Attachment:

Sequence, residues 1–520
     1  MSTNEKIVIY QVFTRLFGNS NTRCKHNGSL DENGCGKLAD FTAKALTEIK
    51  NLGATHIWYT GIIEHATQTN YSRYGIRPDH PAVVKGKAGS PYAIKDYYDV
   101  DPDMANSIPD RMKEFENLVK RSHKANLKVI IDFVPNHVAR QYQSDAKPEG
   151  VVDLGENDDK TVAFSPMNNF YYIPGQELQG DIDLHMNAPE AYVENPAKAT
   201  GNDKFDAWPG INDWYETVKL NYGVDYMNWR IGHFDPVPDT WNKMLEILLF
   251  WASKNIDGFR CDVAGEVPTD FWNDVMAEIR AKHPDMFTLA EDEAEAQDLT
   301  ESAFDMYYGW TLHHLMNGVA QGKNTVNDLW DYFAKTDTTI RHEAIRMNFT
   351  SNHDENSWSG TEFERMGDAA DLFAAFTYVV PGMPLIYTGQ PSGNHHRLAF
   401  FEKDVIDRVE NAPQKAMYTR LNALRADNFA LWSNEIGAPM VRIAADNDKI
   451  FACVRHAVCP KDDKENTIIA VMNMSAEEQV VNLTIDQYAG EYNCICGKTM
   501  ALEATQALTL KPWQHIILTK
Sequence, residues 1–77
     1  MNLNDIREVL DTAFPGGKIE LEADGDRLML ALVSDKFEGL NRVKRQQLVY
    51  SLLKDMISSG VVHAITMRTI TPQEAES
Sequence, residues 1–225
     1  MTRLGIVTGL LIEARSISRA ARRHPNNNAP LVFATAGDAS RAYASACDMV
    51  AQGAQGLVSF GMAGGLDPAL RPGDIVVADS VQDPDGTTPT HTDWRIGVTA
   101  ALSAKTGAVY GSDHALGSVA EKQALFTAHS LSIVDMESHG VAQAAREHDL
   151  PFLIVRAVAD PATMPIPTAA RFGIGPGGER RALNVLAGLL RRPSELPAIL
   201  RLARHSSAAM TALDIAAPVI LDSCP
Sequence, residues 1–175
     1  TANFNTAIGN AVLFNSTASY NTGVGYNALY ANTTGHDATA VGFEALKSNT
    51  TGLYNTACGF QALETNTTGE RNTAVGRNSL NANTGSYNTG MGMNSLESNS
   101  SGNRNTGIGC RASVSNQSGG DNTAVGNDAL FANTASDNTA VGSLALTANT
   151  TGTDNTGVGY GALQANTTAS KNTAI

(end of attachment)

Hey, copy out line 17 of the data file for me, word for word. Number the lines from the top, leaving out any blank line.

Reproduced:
     1  MTRLGIVTGL LIEARSISRA ARRHPNNNAP LVFATAGDAS RAYASACDMV